I have been a teacher for 26 years, a Headteacher for 11 years and, at the age of 50, this much I know about the workload debate.

I’ve just completed a 63 hour week; by the time I get to Sunday bed time that figure will be 70 hours plus. I write that as a fact, not a complaint. From doing my bus duty to leading an eight hour strategy meeting with Headteacher colleagues to teaching Economics A level, I love my job.
None of us working in schools goes underground to dig coal. In relative terms, our working conditions are pretty good. We have long holidays. As Shakespeare said, working with young people, Physics the subject, makes old hearts fresh. Our teaching always has the potential to be joyous.
It’s a year this weekend since I wrote about how my job has impacted upon my relationship with my eldest son. That single post has had over 100,000 views. The comments it engendered were remarkable and some of the private email responses were both sad and humbling. It is no exaggeration to claim that the post changed some people’s lives. And things are still good between me and Joe. At 9.30 pm on Monday evening this week he asked me if I wanted to go play pool; I had more work to do than I’d care to admit, but I went, of course I went…


Headteachers don’t get paid more for the weight of work, but for the responsibility. I tried to explain my job to my youngest son this week and I told him it was like being a parent to 1,500 children for eight hours a day. Parents entrust me with their most precious thing in the whole world and my first priority is to return their children to them at the end of the day safe and happy. It’s not worth thinking too hard about the responsibility the job entails.
Classroom teaching is exhausting. Tom Bennett says that when you teach you should present the very best version of yourself all the time. A full teaching day will leave you exhausted; I compare it to being on stage for five hours a day. And after all that there’s the evening performance too. 
I am still thinking about Atul Gawande’s book Being Mortal. Chapter two is called Things Fall Apart; the following passage resonates more strongly than I would wish…

hand decline 1

Hand decline 2

Here’s a health up-date: my left thumb’s joints have seized up; my two biggest toes on my right foot have permanent pins and needles; I’ve had a proper bad back  and an aching hip for over a month; I’ve had a phlegmy chesty cough since August; my pacemaker needs a new lead; I’ll need a new knee when I’m sixty; and there are a couple of other ailments you don’t need to know about!
The 2010 spending cuts are beginning to bite. One of the funniest things to happen this week was my first physiotherapy appointment for my creaking back…by telephone! We were mid-lesson, with us discussing how both major parties were going to balance the budget after the next election, when I had to take a diagnostic call from a physiotherapist. My students were highly amused.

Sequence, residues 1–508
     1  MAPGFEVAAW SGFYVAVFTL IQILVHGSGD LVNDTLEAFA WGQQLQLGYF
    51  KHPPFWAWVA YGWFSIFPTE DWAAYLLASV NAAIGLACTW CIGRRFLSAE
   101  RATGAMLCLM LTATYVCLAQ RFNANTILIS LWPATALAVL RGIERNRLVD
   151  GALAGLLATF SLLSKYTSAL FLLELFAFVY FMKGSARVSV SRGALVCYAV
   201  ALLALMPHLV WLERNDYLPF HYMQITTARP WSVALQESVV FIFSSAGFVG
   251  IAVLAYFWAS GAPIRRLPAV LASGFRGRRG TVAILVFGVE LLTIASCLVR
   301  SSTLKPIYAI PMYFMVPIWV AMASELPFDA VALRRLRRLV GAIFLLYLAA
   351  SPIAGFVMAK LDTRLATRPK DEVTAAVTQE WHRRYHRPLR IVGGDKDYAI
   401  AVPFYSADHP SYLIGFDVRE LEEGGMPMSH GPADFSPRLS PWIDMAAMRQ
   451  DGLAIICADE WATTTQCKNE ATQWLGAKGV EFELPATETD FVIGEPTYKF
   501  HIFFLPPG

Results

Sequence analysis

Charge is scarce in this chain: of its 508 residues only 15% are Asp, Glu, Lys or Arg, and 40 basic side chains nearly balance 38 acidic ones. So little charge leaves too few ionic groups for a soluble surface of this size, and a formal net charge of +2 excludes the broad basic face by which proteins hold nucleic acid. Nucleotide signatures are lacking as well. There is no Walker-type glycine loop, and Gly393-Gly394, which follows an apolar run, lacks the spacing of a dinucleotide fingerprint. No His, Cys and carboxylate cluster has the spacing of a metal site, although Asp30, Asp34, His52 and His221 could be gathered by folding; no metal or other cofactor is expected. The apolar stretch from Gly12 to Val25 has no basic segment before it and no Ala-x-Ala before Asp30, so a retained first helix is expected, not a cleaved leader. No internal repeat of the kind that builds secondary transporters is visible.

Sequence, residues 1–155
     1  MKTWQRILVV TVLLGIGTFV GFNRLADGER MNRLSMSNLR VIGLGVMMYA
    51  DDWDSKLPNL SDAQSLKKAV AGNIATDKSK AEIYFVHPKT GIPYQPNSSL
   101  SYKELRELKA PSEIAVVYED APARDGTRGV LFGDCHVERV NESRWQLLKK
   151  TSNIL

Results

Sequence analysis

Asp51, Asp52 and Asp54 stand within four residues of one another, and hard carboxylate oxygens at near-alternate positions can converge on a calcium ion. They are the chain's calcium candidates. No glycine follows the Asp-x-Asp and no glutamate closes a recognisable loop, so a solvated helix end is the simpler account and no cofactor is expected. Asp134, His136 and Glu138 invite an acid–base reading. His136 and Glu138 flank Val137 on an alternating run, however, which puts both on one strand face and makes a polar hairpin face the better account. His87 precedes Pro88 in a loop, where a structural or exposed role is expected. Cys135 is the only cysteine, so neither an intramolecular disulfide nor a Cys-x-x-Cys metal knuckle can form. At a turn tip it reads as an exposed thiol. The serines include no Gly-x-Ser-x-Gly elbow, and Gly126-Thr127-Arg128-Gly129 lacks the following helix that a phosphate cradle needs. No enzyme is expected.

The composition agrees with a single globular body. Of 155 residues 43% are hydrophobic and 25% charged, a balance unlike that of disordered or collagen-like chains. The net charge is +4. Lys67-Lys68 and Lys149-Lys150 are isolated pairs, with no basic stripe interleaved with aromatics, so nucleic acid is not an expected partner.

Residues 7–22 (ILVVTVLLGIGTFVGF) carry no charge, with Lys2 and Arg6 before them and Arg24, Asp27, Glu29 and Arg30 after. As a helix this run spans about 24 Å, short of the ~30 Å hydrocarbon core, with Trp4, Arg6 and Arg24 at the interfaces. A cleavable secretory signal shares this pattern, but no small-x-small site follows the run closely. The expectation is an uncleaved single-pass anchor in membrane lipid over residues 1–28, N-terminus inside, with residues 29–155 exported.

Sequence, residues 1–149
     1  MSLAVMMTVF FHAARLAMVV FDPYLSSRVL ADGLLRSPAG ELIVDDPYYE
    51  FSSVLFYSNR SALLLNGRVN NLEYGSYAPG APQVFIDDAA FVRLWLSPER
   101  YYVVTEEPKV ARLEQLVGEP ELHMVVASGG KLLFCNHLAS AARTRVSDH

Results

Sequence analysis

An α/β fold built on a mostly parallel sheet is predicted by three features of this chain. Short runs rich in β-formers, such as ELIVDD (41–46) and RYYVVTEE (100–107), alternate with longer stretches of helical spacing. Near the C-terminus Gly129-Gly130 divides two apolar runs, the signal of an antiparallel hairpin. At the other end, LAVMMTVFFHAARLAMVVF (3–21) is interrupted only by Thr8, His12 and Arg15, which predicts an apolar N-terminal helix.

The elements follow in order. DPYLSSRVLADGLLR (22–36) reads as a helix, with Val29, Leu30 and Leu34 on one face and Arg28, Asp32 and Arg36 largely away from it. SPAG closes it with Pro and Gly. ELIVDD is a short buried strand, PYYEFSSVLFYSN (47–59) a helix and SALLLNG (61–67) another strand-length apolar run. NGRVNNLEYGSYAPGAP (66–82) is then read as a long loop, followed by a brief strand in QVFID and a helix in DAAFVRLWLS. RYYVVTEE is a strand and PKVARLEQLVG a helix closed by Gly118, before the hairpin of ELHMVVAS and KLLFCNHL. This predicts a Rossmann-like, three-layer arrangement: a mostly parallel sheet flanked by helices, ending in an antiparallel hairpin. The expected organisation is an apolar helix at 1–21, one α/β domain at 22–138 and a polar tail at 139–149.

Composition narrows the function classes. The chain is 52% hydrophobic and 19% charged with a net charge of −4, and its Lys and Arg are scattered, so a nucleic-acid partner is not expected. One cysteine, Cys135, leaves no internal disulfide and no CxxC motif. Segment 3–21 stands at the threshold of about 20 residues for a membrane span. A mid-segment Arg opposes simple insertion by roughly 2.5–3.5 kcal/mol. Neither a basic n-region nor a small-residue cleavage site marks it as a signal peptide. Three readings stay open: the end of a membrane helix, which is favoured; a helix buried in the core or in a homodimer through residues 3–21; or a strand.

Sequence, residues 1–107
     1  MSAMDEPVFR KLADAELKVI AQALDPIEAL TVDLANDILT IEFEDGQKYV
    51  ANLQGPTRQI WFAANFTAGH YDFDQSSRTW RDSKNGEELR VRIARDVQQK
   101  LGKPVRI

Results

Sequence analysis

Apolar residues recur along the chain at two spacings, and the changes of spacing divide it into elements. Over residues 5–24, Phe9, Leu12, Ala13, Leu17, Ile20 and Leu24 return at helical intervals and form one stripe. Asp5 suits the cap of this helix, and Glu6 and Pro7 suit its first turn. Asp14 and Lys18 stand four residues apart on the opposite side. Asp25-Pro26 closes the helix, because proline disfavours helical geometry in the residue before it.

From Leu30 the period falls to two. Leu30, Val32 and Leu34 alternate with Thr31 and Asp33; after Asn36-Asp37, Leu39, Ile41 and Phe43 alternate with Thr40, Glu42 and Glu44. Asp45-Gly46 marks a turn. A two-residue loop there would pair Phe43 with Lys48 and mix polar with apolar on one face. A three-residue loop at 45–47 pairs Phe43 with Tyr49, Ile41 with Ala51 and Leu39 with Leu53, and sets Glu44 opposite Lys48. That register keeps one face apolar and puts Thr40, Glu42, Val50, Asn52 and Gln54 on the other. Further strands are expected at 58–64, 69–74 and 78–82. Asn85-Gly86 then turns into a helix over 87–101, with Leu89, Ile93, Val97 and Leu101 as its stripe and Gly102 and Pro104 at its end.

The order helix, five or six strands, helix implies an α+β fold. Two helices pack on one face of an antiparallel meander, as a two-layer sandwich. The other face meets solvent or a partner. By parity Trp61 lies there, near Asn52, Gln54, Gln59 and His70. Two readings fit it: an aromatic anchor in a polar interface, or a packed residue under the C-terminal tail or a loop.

Where are you in your teaching staff’s age rank order? Over the Christmas break I calculated that out of 114 teachers at Huntington, only six are older than me.  How the hell did that happen?! I still feel about 24 years old, max. Like everyone who has ever lived, I never thought I would age. In 2004 I ran the London Marathon in 3 hours 50 minutes and 33 seconds for goodness’ sake!
Teachers who retire at sixty-five have a life expectancy of 18 months. I have cited that line many a time, but it’s not true. As we all live longer, the evidence shows that teachers should live for decades once they retire. And yet…as evidenced in our school, few teachers make it into their late 50s before retiring, let alone to 62, the age at which I can access my Teachers’ Pension, or 67 when I’ll receive my state pension.
At home we have a principle of having high quality bath towels for our everyday use. I know that sounds odd, but for years we used to save our best towels for guests whilst we made do with old, threadbare beach towels. Somehow we realised the folly of our ways. Kate Gross’ parting advice, in her book Late Fragments, is essentially the same principle: always always eat from your very best crockery, because where can we live but days? Gross’ book is not mawkish. Late Fragments is a sunlit celebration of what it is to be alive and how to manage your world when your body falters fatally; it’s well worth a peek.



Previous ArticleNext Article

This post has 21 Comments

  1. I’m a classroom teacher. Do I not have responsibilities and a duty of care for children? Entertaining as your blog is it’ still the old message that Head Teachers constantly repeat, ‘You lot in the classroom don’t know what hard work is.’ I cannot retire until I am 67 and I’m am not being over-pessimistic or hyperbolic when I say that I don’t believe I’ll live to see retirement.
    Until Head Teachers actually join together, and stop simply acting as conduits between Government policy and their teaching staff, workload for everyone will remain at intolerable levels. I agree John, teaching is not like going down the pit but tiredness is tiredness is tiredness. It’s all contextual so that was a slightly vacuous comment to make.